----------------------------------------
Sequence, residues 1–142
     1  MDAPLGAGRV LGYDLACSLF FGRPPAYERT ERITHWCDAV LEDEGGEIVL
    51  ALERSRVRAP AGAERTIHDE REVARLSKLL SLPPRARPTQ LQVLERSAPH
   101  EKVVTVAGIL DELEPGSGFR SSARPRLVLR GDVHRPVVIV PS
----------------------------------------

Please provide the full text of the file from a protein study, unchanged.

Sequence, residues 1–142
     1  MDAPLGAGRV LGYDLACSLF FGRPPAYERT ERITHWCDAV LEDEGGEIVL
    51  ALERSRVRAP AGAERTIHDE REVARLSKLL SLPPRARPTQ LQVLERSAPH
   101  EKVVTVAGIL DELEPGSGFR SSARPRLVLR GDVHRPVVIV PS